Topic 1#ONL241 Finding My Place in the Digital Ocean

Fotor AI, prompt by Vesna Bulatovic

Last week’s webinar inspired me to question myself, am I a digital Resident or a Visitor? White and Le Cornu’s framework suggests that Visitors view the web as a toolset, while Residents see it as a community – a place to connect and share with others (White & Le Cornu, 2011). I use various platforms and tools in my private mode, but I rarely dive deeper, hesitant to leave a lasting “footprint”. This got me thinking – how does my private digital identity compare to my role as a university teacher, where I actively use technology to connect and collaborate with my students and colleagues?

As a university teacher, I navigate various platforms with ease, using educational technology like Microsoft Teams and Moodle to connect with students and share resources with colleagues on platforms like ResearchGate and LinkedIn. I feel quite comfortable, almost at home in professional waters, sharing knowledge and resources. However, on social media, especially in comment sections, I worry about misinterpretation or being perceived as someone with less knowledge or outdated. I admit I’m comfortable posting on Instagram, as my profile is private and accessible only to my family and friends. This might seem contradictory to my openness in professional environments, and I am aware that I haven’t yet fully explored the interactive potential of social media. At present, I can say that I’m a capable swimmer, but I also recognize the fact that I need to push my boundaries and step outside my comfort zone to become more proficient. Perhaps engaging in meaningful online dialogues, even with the risk of judgment, could be a valuable step forward.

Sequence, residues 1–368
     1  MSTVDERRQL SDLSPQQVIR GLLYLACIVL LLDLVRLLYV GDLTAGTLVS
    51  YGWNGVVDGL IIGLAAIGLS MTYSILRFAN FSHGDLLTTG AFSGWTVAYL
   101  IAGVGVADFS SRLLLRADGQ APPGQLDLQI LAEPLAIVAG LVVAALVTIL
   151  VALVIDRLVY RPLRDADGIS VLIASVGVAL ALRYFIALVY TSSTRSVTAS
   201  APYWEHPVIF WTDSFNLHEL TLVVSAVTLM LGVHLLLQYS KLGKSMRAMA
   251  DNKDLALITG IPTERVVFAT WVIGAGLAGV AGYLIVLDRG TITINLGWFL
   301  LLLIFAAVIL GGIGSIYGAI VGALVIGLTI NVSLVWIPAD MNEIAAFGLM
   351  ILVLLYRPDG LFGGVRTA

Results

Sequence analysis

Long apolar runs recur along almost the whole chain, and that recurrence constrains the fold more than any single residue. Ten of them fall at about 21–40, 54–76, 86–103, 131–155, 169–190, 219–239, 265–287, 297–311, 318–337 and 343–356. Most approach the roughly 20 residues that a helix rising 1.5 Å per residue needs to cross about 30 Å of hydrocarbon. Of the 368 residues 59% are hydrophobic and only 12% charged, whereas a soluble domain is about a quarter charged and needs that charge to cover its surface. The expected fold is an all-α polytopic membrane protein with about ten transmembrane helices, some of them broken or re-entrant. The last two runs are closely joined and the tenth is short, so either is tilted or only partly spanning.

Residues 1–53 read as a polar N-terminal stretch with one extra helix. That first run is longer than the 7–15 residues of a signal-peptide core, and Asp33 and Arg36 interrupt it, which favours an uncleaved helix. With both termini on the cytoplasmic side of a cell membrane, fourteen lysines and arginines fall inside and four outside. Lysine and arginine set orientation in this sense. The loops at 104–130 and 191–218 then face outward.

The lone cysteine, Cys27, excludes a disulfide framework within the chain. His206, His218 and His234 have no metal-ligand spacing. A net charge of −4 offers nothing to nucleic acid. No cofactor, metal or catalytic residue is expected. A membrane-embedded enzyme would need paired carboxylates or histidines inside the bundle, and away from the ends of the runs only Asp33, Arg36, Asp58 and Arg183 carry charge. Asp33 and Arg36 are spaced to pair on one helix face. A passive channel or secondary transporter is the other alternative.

So, am I a seasoned diver or merely a snorkeler in the digital age? Perhaps the answer lies somewhere in between. White and Le Cornu (2011) also suggest that someone might be a Resident in their personal life but a Visitor professionally or vice versa, switching between Resident and Visitor approaches online depending on the context. By acknowledging my current limitations and trying to push my boundaries, I hope to evolve into a more confident and impactful digital citizen, both personally and professionally. As Beetham and Sharpe (2010) say, digital literacy is a journey that starts with basic abilities evolves into advanced skills, and even shapes our identity. After all, even experienced divers started somewhere, and the best way to learn to swim is to take the plunge.



  1. White, D. S., & Le Cornu, A. (2011). Visitors and Residents: A new typology for online engagement. First Monday, 16 (9).
  2. Beetham, H., & Sharpe, R. (2010). Rethinking Learning for a Digital Age. Routledge.